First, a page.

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The Hammerkop (Scopus umbretta), about the size of a small egret, is entirely brown, with a robust crest which gives its head a hammer-like appearance. This pronounced head crest makes it unmistakable. The bill is long, laterally compressed, blade-like and tipped with a sharp hook. Its legs are strong and endowed with narrowly webbed toes.

This bird is related to the storks but is different enough to be placed in a separate family (Family Scopidae) of which it is the only member species.

The nest is a giant among nests, among the biggest relative to the bird's size. The entrances are sized so that only the bird has access. Built on the ground and made of sticks, it assumes a dome shape with three chambers. One is a sleeping chamber which is placed highest in the dome to be safe from floods. White eggs are laid in here on a soft bed of aquatic plants whereupon the parents share incubation duties. The middle chamber serves as a second room once the young outgrow the first. The outer chamber or "hall" serves as a lookout post from which the birds can check for danger.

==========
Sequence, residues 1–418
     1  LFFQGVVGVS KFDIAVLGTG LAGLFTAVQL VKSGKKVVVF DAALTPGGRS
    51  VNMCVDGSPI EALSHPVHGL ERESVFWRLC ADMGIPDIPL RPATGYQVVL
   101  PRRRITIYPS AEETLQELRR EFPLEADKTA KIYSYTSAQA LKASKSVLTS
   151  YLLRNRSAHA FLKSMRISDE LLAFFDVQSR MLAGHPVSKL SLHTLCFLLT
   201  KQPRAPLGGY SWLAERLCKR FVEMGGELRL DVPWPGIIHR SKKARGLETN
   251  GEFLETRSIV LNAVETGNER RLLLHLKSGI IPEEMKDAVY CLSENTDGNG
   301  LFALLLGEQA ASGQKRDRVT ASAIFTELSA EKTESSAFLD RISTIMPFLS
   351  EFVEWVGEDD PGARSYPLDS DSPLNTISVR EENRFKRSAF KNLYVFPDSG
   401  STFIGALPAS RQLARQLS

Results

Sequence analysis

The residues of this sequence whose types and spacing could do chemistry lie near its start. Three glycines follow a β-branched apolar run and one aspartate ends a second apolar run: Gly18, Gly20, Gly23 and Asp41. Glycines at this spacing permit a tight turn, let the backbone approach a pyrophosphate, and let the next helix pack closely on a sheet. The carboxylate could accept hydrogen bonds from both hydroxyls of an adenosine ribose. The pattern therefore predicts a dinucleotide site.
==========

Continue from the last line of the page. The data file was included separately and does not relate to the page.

Abandoned nests are frequented by other animals seeking shelter, including other birds, notably birds of prey who lay their own eggs in them.

Hammerkops feed mostly on frogs and tadpoles, and they also take small crustaceans, grasshoppers, and aquatic insects. They often rest during the day and become active at twilight, when they are most often encountered, often alone. They range throughout tropical Africa, Arabia and Madagascar around rivers, pools, shallows of lakes, and riverine forest.

Local people believe that anyone who harms a hammerhead will have misfortune for the rest of their days, and throughout Africa persist numerous legends and stories about the hammerkop.

They are fairly common, especially along the edges of water bodies, though luck is needed to see one.


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